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Faculty and the Observation of Trainees’ Clinical Skills: Problems and Opportunities

Holmboe, Eric S. MD

Special Theme Article

The clinical skills of medical interviewing, physical examination, and counseling remain vital to the effective care of patients, yet research continues to document serious deficiencies in clinical skills among students and residents. The most important method of evaluation is the direct observation of trainees performing these clinical skills. Standardized patients and other simulation technologies are important and reliable tools for teaching clinical skills and evaluating competence and will be incorporated in the near future as part of the United States Medical Licensing Examination. Standardized patients and simulation, however, cannot and should not replace the direct observation by faculty of trainees’ clinical skills with actual patients. Faculty are in the best position to document improvement over time and to certify trainees have attained sophisticated levels of skill in medical interviewing, physical examination, and counseling. Unfortunately, current evidence suggests significant deficiencies in faculty direct observation evaluation skills. The author outlines the nature of the problems in clinical skills and their evaluation by faculty and ends with recommendations to improve the current state of faculty skills in evaluation.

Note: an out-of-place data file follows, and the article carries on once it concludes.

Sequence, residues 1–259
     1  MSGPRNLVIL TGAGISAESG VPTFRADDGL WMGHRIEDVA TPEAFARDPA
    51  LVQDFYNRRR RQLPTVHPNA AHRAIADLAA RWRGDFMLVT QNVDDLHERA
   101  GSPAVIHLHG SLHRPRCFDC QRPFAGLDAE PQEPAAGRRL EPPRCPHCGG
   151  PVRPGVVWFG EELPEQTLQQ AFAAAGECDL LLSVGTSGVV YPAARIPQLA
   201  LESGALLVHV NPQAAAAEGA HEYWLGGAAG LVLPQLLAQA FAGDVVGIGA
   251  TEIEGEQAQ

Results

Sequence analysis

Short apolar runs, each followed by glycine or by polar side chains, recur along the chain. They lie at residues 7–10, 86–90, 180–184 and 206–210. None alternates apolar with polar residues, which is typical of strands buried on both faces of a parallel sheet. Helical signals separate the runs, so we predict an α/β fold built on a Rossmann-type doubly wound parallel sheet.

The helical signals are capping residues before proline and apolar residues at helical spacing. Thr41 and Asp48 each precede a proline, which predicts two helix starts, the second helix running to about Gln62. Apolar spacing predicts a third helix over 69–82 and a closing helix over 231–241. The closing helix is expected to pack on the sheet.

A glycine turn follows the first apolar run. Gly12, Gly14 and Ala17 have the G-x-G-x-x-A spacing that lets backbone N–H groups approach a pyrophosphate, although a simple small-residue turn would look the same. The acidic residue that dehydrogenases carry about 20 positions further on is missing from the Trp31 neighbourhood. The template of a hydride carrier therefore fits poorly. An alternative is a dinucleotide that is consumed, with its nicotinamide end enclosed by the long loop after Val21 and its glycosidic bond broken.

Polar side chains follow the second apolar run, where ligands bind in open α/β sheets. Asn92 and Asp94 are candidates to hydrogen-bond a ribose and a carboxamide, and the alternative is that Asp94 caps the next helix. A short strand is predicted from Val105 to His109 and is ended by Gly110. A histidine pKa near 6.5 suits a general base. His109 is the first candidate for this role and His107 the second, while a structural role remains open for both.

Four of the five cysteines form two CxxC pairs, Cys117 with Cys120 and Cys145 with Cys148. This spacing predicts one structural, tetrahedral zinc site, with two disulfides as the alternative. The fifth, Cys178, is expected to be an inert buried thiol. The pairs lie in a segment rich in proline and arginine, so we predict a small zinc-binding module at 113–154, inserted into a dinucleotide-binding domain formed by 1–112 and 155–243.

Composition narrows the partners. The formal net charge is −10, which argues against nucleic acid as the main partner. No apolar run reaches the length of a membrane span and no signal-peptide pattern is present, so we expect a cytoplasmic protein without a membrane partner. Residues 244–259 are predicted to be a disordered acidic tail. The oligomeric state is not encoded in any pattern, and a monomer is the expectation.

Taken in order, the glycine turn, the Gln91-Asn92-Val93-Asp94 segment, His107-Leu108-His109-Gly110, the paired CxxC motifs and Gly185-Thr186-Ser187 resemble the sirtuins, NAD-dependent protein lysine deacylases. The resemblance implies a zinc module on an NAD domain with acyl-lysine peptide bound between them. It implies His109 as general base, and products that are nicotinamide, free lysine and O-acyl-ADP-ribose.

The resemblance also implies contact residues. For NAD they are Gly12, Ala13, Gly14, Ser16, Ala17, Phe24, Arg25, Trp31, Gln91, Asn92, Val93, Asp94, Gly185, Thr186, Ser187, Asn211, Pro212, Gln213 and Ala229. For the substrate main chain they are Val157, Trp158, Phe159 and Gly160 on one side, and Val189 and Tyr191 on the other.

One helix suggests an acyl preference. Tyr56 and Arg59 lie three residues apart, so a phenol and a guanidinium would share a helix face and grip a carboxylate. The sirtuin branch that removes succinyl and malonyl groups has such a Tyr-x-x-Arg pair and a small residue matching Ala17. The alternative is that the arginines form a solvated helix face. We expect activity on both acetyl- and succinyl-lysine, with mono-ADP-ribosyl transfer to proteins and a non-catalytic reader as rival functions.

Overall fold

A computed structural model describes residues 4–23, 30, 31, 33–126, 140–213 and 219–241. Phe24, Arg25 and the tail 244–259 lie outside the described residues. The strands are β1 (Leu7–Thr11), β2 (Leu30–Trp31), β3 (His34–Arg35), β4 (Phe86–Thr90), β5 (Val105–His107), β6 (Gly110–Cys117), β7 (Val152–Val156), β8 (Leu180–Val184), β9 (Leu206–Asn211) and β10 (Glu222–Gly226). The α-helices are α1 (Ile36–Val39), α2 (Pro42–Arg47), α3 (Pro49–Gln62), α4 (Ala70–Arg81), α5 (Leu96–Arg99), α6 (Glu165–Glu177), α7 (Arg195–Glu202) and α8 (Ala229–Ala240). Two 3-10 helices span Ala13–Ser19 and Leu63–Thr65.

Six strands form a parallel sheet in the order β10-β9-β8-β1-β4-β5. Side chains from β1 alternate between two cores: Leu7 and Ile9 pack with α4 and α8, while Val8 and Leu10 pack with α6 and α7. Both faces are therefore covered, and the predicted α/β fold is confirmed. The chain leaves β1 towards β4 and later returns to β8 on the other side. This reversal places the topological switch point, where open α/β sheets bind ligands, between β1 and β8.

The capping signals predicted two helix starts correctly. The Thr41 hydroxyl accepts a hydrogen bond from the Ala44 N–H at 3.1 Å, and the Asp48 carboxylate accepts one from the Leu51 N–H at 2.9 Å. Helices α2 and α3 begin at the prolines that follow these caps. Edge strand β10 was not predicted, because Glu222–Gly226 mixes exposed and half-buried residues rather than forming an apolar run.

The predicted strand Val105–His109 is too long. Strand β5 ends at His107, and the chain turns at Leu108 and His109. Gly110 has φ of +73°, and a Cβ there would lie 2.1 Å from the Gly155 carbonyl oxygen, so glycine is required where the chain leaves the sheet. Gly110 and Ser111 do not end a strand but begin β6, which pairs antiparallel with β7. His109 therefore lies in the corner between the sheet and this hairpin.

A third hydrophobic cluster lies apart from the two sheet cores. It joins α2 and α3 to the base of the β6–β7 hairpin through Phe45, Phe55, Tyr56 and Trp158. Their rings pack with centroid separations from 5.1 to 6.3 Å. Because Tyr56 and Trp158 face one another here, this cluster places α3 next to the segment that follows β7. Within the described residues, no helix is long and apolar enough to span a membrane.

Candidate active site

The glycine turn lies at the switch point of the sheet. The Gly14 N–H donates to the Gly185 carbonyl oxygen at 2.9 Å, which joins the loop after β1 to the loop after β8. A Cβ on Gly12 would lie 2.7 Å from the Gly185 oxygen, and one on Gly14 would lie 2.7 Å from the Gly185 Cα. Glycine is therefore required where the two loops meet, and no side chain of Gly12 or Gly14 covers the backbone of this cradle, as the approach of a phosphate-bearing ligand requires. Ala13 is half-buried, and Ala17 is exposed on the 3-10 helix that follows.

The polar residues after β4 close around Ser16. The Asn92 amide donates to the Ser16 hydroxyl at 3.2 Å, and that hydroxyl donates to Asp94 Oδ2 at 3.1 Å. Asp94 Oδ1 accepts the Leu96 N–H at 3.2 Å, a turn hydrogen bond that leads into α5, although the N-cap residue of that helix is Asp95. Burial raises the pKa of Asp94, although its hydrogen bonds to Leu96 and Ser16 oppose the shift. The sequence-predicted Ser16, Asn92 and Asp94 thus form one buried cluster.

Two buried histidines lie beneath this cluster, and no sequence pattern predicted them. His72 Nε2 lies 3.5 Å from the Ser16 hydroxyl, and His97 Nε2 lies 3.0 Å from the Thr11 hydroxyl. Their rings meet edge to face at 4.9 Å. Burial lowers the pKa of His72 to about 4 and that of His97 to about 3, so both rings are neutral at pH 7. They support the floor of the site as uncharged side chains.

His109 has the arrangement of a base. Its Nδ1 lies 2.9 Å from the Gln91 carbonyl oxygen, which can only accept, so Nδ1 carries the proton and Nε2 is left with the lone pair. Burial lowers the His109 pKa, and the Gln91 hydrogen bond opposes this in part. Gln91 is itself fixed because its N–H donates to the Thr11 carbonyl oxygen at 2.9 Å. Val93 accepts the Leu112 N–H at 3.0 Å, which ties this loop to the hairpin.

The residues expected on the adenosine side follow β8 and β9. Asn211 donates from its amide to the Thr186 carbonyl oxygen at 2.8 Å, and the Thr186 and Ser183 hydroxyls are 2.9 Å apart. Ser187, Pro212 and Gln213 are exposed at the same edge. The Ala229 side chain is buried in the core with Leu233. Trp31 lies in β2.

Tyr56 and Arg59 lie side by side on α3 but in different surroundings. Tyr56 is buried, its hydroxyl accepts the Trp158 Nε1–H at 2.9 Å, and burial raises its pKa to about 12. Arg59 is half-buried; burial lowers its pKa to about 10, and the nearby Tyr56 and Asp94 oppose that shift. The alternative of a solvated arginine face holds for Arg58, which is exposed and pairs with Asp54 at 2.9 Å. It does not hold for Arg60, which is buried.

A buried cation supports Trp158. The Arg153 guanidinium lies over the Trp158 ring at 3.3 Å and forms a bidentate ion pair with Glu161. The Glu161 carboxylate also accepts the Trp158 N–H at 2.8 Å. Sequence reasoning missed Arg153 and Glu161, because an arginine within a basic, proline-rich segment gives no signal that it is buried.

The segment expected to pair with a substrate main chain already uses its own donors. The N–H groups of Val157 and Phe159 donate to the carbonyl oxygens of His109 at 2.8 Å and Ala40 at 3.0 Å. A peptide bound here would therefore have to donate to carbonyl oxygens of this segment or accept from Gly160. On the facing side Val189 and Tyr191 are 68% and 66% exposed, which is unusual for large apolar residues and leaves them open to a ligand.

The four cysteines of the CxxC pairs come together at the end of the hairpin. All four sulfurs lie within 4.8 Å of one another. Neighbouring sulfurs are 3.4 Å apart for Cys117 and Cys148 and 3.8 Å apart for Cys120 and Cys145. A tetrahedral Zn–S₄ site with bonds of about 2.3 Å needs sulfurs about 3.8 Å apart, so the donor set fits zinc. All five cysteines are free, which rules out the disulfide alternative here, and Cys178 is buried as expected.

Dr. Holmboe is associate professor of medicine and director of faculty development and evaluation, Department of Medicine, Yale University School of Medicine, New Haven, Connecticut.

Correspondence and requests for reprints should be addressed to Dr. Holmboe, Department of Medicine, Waterbury Hospital, Pomeroy 6, 64 Robbins Street, Waterbury, CT 06721; telephone: (203) 573-6573; fax: (203) 573-6707; e-mail: 〈〉.

© 2004 Association of American Medical Colleges